Aquatic invasive species prevention

Learn how we’re preventing the introduction and spread of aquatic invasive species and what you can do to help.

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Reducing risks

Aquatic invasive species can be introduced accidentally or intentionally into Canadian waters by human activities. They can become established in our waters and spread rapidly when they don’t face effective natural predators or competitors. In recent years, introductions and spread of aquatic invasive species have been much more rapid due to increased international shipping.

Prevention is the most effective method of dealing with the problem of aquatic invasive species. The most effective approach is to manage the pathways through which aquatic invasive species enter and spread in our waters.

Fisheries and Oceans Canada collaborates with partners to prevent the introduction, establishment, and spread of aquatic invasive species in Canadian waters.

What you can do to help

Everyone using aquatic habitats or handling aquatic organisms can help prevent their introduction and limit their spread before they become a bigger problem.

General measures for preventing aquatic invasive species include:

Bait bucket with live bait.

Bait bucket with live bait.

Construction projects near water.

Construction projects near water.

Waterbodies connected by water diversions.

Waterbodies connected by water diversions.

Waterbodies connected by canals.

Waterbodies connected by canals.

Zebra mussels on a pontoon boat frame.

Zebra mussels on a pontoon boat frame.

International shipping in Vancouver.

International shipping in Vancouver.

Pathways of introduction and spread

Communities can prevent the introduction and spread of aquatic invasive species by paying careful attention in several areas.

Recreational boating

Recreational boating

Recreational boating can lead to biological fouling when organisms, especially invertebrates, attach to hulls and other submerged areas of vessels. These small communities travel with the vessel to new areas, where they can fall off or dislodge and become invasive.

To prevent the introduction and spread of aquatic invasive species from recreational boating:

  • inspect your recreational boating equipment, including:
    • boat
    • motor
    • anchor
    • trailer
    • equipment
  • clean all equipment used in marine environments with freshwater, or spray them with pure vinegar
  • if you find any fouling plants and animals:
    • remove them
    • dispose of them far from the water, in an appropriate compost or garbage bin
  • drain water from your motor, bilge and wells on land
  • let equipment dry completely before entering another water body when possible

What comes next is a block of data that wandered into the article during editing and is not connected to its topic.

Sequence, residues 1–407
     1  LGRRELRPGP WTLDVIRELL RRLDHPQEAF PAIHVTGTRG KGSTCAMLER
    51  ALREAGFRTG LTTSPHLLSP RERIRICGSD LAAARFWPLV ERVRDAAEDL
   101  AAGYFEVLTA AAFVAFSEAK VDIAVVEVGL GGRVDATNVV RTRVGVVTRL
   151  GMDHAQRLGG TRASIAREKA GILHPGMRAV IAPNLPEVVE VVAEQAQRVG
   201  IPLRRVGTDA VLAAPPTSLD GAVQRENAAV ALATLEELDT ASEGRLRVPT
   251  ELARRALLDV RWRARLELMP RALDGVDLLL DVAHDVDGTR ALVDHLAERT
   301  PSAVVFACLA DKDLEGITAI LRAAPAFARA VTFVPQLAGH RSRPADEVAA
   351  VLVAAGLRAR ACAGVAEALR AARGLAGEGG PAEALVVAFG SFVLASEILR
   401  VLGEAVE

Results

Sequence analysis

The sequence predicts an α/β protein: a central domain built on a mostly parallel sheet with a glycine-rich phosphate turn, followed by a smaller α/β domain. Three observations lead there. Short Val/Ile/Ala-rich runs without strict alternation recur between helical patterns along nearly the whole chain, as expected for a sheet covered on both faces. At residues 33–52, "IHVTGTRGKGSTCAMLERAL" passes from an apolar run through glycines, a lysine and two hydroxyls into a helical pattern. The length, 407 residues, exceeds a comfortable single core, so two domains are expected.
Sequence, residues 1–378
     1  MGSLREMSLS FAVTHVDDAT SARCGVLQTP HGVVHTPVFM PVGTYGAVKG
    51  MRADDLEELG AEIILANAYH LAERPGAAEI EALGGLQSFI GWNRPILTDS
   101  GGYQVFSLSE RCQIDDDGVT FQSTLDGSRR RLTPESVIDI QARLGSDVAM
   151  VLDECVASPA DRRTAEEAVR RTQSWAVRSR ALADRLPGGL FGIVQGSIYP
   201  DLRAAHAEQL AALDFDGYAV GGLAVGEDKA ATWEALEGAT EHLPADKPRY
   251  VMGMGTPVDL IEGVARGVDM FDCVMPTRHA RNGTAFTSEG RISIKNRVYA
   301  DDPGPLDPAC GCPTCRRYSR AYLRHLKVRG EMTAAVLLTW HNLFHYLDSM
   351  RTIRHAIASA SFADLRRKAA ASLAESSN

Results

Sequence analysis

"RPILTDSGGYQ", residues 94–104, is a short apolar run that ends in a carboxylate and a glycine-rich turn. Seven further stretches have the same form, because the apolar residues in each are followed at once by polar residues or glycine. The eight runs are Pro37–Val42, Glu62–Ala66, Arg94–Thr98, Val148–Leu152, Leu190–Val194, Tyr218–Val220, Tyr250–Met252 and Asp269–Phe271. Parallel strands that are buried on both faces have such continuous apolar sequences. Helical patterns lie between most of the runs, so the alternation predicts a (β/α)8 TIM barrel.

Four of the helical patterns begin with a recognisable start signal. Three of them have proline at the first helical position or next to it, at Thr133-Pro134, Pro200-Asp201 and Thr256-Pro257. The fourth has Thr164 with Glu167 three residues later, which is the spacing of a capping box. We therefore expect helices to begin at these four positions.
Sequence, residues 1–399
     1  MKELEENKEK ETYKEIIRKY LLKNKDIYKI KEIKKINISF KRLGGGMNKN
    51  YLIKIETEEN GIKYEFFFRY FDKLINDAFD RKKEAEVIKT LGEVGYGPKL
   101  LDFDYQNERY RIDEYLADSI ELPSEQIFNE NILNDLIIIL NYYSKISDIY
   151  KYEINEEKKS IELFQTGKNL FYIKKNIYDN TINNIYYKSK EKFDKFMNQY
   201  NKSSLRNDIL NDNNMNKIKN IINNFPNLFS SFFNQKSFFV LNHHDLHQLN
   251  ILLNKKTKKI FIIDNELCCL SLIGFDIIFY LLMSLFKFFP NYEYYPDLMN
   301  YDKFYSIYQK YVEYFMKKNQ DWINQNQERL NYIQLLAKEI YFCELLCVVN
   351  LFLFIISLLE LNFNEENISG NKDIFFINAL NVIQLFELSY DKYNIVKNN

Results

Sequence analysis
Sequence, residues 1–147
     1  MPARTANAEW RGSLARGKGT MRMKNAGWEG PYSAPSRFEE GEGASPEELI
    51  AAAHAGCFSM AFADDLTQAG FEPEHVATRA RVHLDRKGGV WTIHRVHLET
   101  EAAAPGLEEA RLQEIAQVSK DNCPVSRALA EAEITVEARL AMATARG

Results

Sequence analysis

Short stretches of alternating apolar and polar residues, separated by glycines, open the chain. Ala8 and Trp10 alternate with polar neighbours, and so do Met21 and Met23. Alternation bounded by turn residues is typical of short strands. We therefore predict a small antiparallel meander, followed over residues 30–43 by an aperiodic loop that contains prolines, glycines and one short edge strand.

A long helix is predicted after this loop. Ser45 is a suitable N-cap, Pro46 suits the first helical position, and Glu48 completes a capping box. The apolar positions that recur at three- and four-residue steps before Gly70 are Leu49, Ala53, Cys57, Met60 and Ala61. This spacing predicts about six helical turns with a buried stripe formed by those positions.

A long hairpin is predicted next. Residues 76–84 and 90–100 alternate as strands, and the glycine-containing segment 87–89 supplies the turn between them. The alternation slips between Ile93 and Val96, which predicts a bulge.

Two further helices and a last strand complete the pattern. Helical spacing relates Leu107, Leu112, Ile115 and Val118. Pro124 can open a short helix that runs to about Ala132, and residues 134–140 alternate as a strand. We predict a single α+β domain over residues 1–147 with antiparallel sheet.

• use environment-friendly anti-fouling paint or products on your boat hull
  • ask for information about local aquatic invasive species issues at the public wharf or marina you visit

For more information

Recreational fishing

Recreational fishing

Aquatic invasive species are introduced and spread when they’re intentionally introduced for recreational fishing purposes. These fish can easily harm the local ecosystem because they often have no local predators and compete with other fish.

Non-native fish that were introduced for recreational fishing purposes and caused significant local damage include:

  • walleye
  • yellow perch
  • smallmouth bass

To prevent the introduction and spread of aquatic invasive species when engaging in recreational fishing:

  • never transfer live fish from one lake to another
  • contact us and report any aquatic invasive species you catch
  • learn about the native species in each lake by consulting with:
    • local fishing groups
    • the provincial or territorial government
    • Fisheries and Oceans Canada
  • obtain authorization from an introduction and transfers committee before introducing any fish into a lake for fishing purposes
Diving and other watersports

Diving and other watersports

Many aquatic invasive species can attach themselves to water sports equipment. To prevent their introduction and spread, make sure to clean, drain and dry your equipment after every use.

Bait

Bait

Baitfish.

Baitfish.

Bait is often used to catch larger fish in commercial and recreational fishing. Using live bait can facilitate the spread of some invasive species. Young Asian carps can easily be mistaken for local minnows.

To prevent the introduction and spread of aquatic invasive species with bait:

  • use non-living bait
  • never release bait into one area if it was caught in another water body

For more information

Aquariums and water gardens

Aquariums and water gardens

Many species used in the aquarium industry are not native to Canada. These species may lead to the introduction and spread of aquatic invasive species when:

  • they escape
  • their owners intentionally release them

To prevent aquatic invasive species, use native species in your water gardens or aquariums.